Best Practices for Enhancing and Changing Healthcare Compliance Training Programs

April 1, 2021
April 1, 2021

In the December 2017 issue of Compliance Today, the monthly magazine of the Health Care Compliance Association (HCCA), Misty Bridwell, CHC, Chief Compliance Officer at One Step Diagnostic, Inc., in Houston TX, acknowledges that many employees respond to required compliance training negatively. She describes a typical employee in this situation as “disconsolate… unable to see past extraneous work and a mountain of confusing information.” Bridwell insists, however, that we “can transform compliance training… into a dynamic practice that unites employees towards a common goal: preventing negligent acts on non-compliance [if we] promote enthusiasm around compliance with the constructive use of incentives: creative communication, rewards, recognition, and elevated status.”

Creative Communication

Bridwell suggests that traditional and standard training measures are only a start for your program, offering that organizations should “reintroduce information to build a longer, collective memory of good compliance practices.” Some ways to do this include “daily emails, brain games, and trivia.” Another option is to place “reminders of your compliance mission statement in unexpected forms or places.” Bridwell recounts that she placed slips of paper with messages in balloons before blowing them up and writing “Pop Me!” on their outside. Other guidelines offered by Bridwell include the importance of using humor, especially in some compliance role-playing exercises, and to “appoint a staff member as an OIG representative whose job it is to uncover acts of non-compliance.”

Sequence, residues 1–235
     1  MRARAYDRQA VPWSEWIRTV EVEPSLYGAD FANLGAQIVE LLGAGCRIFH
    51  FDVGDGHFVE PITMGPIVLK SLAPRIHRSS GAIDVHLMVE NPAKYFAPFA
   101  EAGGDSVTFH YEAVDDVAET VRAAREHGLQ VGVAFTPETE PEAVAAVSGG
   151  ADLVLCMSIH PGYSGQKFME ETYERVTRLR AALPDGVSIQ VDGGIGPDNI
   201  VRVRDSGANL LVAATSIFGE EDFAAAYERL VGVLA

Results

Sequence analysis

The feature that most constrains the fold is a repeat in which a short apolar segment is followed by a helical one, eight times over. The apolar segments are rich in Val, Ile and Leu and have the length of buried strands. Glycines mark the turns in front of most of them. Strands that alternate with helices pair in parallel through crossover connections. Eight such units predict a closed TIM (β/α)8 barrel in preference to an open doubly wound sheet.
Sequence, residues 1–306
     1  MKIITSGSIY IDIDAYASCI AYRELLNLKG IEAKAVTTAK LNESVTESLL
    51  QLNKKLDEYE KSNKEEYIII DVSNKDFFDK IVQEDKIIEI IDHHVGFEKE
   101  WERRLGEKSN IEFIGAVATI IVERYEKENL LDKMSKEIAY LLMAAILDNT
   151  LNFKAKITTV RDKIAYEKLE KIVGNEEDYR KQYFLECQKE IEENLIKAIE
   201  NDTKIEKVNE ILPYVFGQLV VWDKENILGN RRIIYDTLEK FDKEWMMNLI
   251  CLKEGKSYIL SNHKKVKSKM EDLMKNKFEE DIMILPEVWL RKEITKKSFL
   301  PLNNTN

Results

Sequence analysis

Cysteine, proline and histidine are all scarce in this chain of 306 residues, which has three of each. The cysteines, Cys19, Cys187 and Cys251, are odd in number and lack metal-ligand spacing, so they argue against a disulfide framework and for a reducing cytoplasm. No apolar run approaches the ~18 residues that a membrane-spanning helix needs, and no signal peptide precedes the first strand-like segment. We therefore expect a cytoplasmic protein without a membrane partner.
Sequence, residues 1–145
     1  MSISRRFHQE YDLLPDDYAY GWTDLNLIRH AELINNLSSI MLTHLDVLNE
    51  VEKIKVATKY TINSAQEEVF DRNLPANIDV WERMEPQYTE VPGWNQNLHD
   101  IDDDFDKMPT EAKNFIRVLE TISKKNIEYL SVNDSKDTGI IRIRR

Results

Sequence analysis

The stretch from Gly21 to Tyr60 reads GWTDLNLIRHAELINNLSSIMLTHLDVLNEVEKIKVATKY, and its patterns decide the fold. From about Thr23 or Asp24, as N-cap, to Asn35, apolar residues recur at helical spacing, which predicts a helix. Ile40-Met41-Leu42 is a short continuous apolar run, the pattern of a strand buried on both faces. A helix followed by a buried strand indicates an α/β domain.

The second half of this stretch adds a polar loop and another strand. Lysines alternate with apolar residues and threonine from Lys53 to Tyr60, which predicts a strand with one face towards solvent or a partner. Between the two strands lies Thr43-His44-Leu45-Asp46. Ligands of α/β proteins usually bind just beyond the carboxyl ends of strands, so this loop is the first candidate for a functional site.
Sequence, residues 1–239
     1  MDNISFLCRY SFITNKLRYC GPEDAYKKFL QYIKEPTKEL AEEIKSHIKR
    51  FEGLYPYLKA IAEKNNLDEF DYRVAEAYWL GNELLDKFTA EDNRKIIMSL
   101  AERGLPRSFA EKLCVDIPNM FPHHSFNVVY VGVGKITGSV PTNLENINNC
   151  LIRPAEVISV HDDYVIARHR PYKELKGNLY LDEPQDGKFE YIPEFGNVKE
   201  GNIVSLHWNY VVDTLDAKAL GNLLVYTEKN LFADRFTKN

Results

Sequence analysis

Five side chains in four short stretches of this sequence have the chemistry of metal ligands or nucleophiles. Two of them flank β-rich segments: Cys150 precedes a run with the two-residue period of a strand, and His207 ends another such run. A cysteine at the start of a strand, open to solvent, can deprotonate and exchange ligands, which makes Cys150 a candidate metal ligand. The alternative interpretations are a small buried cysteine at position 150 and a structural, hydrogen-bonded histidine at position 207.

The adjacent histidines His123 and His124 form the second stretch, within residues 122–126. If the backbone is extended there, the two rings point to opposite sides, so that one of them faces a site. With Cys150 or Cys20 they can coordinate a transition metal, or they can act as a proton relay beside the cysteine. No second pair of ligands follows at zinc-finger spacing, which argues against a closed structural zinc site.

Elevated Status

Bridwell asserts the value of identifying and acknowledging your employees who have “demonstrated superior knowledge [in compliance] and the ability to train others.” These high-performers are essential to compliance success and may merit some addition to their titles that show their achievement and value and may “provide extra layers of meaning and fulfillment to their roles.”

Rewards and Recognition

Bridwell affirms that the “most direct way of providing incentives to employees is distributing physical rewards” like gift cards, longer lunch hours, extra paid leave, special parking, etc. She adds that “playful competition can be just as rewarding,” endorsing trophies, totems, or mascots that can be handed among compliance achievers. Ultimately, she shares that “nothing is more effective in helping a trainee feel valued than timely, authentic recognition of good work, whether verbal or written, public or private.”

Bridwell closes by insisting on the importance of creativity and tell readers that “compliance training doesn’t have to be dull.” Most importantly, every effort to enliven the compliance training process is going to have the salutary effect of keeping “the message to “Do the Right Thing” foremost in employees’ minds.”

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All quotes are taken from:

Bridwell, Misty, CHC “Reframing compliance training by a well-formed incentives plan,” Compliance Today, December 2017, (pp. 70-1).